Local authorities and pipeline choices

To better combat leakage and the loss of drinking water, it goes without saying that choosing the right type of drinking water supply pipe to build new pipelines and refurbish existing ones is of paramount importance. Being correctly informed when making that choice not only protects the investment, it also ensures the longevity of the networks.

Over the decades, polyethylene (PE) has won over many a new user by its ease of installation, highly competitive economic cost and superior hydraulic performance, making it the most widely used material in Europe for drinking water supply networks.

Thus the investment made remains minimal compared to conventional solutions, especially as its operating cost is so low compared to its competitors, with leakage rates approaching zero.

The gas distribution industry has been using polyethylene for many years for good reason – the greater security it provides compared to cast-iron – and this preference is now rapidly spreading to the drinking water sector.

Below we analyse the main causes of pipeline leaks and look at the benefits of using polyethylene to solve them.

The main causes of leaks
and the solutions provided by polyethylene:

  • Destabilisation of the ground in which the pipes are laid during construction work, earthworks, backfilling or compacting
  • Changes over time in the consistency of the ground impacting the stability of the pipe bed

PE is a flexible material that follows the contours of the ground and withstands deformation, allowing it to absorb ground movements without splitting or coming apart due to the pipes being welded together.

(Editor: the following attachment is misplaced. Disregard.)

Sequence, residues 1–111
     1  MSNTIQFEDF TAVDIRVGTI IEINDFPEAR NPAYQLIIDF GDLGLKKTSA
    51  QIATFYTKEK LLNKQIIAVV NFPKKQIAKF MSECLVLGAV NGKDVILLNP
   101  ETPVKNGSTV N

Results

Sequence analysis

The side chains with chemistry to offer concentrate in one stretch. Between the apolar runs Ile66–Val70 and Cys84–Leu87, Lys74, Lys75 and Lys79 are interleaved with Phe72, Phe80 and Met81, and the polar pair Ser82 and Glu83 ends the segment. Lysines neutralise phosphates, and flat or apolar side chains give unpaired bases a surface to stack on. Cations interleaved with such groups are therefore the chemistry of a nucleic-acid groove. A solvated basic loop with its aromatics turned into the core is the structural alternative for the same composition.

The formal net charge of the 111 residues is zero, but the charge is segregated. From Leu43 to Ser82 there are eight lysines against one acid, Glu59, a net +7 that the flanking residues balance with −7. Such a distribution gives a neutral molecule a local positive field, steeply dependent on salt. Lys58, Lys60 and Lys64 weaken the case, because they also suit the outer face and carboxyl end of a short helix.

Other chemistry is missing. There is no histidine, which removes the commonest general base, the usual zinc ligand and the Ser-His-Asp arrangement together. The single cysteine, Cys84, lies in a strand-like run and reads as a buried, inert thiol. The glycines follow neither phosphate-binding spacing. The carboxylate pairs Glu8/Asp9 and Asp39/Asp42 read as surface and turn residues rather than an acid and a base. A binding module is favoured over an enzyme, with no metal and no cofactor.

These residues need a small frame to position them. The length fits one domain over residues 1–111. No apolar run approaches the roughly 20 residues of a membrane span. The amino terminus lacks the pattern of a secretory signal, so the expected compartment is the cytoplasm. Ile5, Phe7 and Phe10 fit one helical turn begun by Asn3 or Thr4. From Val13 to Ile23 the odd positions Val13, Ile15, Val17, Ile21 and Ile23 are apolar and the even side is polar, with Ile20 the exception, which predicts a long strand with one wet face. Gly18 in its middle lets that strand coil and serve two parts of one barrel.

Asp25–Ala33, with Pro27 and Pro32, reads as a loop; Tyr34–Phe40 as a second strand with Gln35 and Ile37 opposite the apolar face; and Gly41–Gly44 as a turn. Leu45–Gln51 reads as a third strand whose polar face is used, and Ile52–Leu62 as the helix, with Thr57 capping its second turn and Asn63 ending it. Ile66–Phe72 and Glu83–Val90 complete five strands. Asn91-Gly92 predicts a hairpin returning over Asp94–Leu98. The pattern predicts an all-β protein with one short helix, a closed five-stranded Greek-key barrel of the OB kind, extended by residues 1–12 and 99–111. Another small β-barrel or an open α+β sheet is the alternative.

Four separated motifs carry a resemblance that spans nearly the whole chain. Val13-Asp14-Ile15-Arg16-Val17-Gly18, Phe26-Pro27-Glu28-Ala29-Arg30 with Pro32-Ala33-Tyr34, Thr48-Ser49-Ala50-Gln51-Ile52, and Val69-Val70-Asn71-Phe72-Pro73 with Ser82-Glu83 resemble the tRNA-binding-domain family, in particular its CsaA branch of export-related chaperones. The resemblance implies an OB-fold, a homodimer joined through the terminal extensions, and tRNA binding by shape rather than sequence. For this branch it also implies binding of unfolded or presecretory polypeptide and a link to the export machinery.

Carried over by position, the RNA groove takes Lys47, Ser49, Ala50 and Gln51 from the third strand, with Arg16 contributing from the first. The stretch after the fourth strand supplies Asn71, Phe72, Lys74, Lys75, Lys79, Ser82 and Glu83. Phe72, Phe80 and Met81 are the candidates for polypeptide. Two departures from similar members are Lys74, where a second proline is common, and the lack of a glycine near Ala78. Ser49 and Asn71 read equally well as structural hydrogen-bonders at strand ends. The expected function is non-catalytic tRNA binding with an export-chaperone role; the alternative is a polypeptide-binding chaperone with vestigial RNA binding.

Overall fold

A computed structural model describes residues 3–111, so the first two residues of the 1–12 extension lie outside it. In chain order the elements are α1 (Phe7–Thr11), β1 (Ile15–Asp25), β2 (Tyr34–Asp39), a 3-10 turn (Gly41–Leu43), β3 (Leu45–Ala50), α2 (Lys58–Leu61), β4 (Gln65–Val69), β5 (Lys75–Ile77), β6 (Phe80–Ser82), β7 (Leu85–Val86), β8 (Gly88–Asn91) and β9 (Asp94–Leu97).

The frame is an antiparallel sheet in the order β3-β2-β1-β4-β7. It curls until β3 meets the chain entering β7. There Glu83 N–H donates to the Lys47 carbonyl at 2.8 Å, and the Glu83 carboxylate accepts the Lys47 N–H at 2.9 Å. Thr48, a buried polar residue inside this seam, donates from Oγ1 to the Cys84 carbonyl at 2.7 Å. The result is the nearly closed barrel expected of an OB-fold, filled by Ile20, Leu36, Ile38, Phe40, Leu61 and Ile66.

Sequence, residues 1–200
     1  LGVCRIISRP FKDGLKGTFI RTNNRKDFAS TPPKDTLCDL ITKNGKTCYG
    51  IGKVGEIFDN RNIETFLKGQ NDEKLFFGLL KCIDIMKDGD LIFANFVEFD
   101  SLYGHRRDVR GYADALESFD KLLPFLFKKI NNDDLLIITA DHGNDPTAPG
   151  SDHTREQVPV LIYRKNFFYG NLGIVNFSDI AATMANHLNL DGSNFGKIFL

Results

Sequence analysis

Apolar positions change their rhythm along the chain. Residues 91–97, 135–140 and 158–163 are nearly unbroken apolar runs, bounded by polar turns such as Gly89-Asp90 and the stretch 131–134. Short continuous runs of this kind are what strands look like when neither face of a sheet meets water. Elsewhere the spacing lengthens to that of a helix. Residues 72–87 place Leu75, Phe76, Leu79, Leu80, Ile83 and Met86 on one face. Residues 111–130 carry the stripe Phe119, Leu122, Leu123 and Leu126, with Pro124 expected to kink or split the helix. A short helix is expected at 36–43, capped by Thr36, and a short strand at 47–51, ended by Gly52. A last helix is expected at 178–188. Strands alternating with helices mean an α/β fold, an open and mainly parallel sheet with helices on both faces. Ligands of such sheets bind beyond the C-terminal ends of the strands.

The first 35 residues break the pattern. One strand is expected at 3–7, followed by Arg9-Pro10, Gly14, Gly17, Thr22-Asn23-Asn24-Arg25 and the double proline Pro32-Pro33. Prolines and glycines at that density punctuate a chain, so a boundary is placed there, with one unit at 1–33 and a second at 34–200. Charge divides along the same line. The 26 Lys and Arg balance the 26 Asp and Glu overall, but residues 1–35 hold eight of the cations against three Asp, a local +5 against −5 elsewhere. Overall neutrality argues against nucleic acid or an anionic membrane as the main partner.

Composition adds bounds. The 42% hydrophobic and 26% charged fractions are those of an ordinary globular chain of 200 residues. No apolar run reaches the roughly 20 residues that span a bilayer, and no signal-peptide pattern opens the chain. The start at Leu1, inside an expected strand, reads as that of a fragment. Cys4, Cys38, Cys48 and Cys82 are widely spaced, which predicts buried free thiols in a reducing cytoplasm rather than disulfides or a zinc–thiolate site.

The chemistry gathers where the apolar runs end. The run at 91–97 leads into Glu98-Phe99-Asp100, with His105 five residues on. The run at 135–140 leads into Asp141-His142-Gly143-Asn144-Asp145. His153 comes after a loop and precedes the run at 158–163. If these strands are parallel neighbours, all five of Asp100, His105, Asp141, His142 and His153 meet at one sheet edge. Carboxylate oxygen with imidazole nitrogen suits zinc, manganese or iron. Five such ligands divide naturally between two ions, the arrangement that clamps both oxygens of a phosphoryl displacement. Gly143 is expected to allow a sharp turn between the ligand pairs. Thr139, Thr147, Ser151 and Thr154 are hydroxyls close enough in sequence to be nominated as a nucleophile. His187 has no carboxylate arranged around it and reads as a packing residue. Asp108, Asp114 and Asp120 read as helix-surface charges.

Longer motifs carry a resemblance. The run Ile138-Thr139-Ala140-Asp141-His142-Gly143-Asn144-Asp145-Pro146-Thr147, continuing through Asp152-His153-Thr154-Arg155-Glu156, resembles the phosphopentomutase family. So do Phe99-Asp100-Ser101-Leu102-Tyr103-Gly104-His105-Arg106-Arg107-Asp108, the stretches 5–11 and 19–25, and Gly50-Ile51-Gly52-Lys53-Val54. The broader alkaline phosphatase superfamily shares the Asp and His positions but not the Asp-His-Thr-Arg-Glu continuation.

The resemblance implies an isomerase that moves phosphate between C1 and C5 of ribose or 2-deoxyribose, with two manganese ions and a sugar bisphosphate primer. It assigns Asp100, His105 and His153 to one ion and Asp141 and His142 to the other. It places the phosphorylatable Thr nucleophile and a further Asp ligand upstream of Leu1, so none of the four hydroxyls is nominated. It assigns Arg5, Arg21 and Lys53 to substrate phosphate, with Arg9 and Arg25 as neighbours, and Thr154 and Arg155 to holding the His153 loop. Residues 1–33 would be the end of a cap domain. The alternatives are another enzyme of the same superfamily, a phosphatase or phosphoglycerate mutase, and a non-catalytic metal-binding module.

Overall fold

• Badly installed pipes or shortcomings in the construction work

Unlike jointed pipes, polyethylene is a material that can be fusion welded. The procedure is simple and involves scanning the barcode with the welding machine. Post-weld indicators are provided to ensure the integrity of the weld and the reliability of the pipeline over time. The leakage risk at the joint between two pipes is zero.

  • High pressure in the distribution network and hydraulic shocks (due to the sudden closure of a valve or other device) causing an overpressure situation (the water hammer effect)

Polyethylene is capable of withstanding very high instantaneous pressures. The water hammer effect is reduced by polyethylene’s ductility which protects the pipeline equipment (vents, purge valves, pressure reducing valves, etc.). Self-locking push-fit connections prevent the pipes from coming apart where the pipeline changes direction when an overpressure occurs.

  • Ageing seals

Polyethylene pipelines, including their connections, are welded together by fusion welding or polyfusion, which eliminates the risks associated with mechanical connectors.

  • External corrosion phenomena related to the type of soil or its humidity
  • Internal corrosion if the water is harsh

Polyethylene is completely impervious to corrosion. It is a chemically stable material, which guarantees its longevity.



See also

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